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Old 10.07.2015, 17:14
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Testament - Swiss bank account

Hi,
Can anyone confirm what happens to your Swiss bank account in the event of passing away in the following case:
- Being a foreign citizenship (from EU - Portugal)
- Not having a Power of Attorney for anyone else for the bank account
- Single, no kids, with parents and brothers alive and living in Portugal (hence the heritage would have to be distributed abroad)
According to what I researched, the Swiss Law defines that the assets are divided by the immediate family (in my case, my parents first) as similarly to what commonly occurs in other countries. Nonetheless, I wonder how communication, procedures and assets distribution processes are conducted, i.e.:
1) Any Swiss institution would unilaterally get in touch with my family for the communication of the event and to clarify about needed procedures to conduct the transmission of assets?
2) If not, what procedures the family would have to carry on and what documentation would the Swiss bank demand to allow the repatriation of account assets or access to the account (here is my main concern, i.e. do they demand a Will/Testament or a Power of Attorney?). How easy do they allow this process to happen?
3) What kind of timelines and eventual costs would one be looking for in this event?

Thanks for any kind of info regarding those matters.
Best regards
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Old 10.07.2015, 17:56
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Re: Testament - Swiss bank account

The responsible office in your canton is the Standesamt.

https://www.stadt-zuerich.ch/prd/de/...standsamt.html

You can make a simple Testament, or a Will, and list your relatives & friends, and how much of your assets you wish them to receive,

https://www.ch.ch/en/how-do-i-make-a-will/
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Old 10.07.2015, 17:58
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Re: Testament - Swiss bank account

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Hi,
Can anyone confirm what happens to your Swiss bank account in the event of passing away in the following case:
- Being a foreign citizenship (from EU - Portugal)
- Not having a Power of Attorney for anyone else for the bank account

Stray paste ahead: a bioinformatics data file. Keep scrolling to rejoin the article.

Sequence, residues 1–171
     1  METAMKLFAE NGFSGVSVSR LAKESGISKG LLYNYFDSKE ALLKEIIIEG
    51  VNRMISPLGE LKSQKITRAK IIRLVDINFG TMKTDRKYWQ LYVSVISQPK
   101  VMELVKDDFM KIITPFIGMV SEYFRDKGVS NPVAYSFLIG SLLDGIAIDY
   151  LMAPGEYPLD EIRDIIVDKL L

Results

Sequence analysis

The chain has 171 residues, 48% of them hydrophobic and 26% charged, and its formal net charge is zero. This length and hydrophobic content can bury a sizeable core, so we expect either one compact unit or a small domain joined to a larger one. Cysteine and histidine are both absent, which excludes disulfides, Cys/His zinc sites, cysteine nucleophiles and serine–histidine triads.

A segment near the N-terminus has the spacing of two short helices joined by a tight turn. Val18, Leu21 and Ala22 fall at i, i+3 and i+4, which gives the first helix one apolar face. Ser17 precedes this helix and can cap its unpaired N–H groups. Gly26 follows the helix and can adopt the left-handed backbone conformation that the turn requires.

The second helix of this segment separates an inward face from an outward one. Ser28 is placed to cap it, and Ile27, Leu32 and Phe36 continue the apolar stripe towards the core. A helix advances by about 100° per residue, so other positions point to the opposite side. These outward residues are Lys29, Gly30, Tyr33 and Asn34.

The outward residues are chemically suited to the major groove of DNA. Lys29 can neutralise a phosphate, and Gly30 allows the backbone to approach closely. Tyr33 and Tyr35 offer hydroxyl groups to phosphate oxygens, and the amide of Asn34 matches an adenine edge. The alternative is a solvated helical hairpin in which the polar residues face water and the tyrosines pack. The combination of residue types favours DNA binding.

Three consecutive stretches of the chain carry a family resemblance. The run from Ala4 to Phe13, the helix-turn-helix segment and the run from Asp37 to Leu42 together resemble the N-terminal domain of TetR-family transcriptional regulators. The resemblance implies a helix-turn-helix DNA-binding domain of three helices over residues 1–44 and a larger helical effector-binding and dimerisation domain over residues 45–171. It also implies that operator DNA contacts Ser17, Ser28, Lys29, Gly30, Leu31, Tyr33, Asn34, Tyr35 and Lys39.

- Single, no kids, with parents and brothers alive and living in Portugal (hence the heritage would have to be distributed abroad)
According to what I researched, the Swiss Law defines that the assets are divided by the immediate family (in my case, my parents first) as similarly to what commonly occurs in other countries. Nonetheless, I wonder how communication, procedures and assets distribution processes are conducted, i.e.:
1) Any Swiss institution would unilaterally get in touch with my family for the communication of the event and to clarify about needed procedures to conduct the transmission of assets?
2) If not, what procedures the family would have to carry on and what documentation would the Swiss bank demand to allow the repatriation of account assets or access to the account (here is my main concern, i.e. do they demand a Will/Testament or a Power of Attorney?). How easy do they allow this process to happen?
3) What kind of timelines and eventual costs would one be looking for in this event?

Thanks for any kind of info regarding those matters.
Best regards
The Swiss bank will never tell anyone of the existence of an account as that is a criminal offence.

For a foreigner having a POA that does not end on death is the simple way, the bank won't even know of your death unless they are advised.
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Old 10.07.2015, 18:22
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Re: Testament - Swiss bank account

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For a foreigner having a POA that does not end on death is the simple way, the bank won't even know of your death unless they are advised.
But when they know that the client has deceased they will block the account immediately. No POA will help with that.

PS: A very good reason for any married couple to have two separate accounts, one hers, one his with POA vice versa.
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Old 10.07.2015, 18:38
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Re: Testament - Swiss bank account

Having personal experience I can tell you that's incorrect. The POS specifically did not expire on death.

Out of interest how would the bank know of the death?
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Old 10.07.2015, 18:44
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Re: Testament - Swiss bank account

I'd check out with the specific bank and specific account. And get it in writing. I seem to remember that two banks I have dealt with had different rulings on the subject.
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Old 10.07.2015, 18:46
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Re: Testament - Swiss bank account

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Having personal experience I can tell you that's incorrect. The POS specifically did not expire on death.

Out of interest how would the bank know of the death?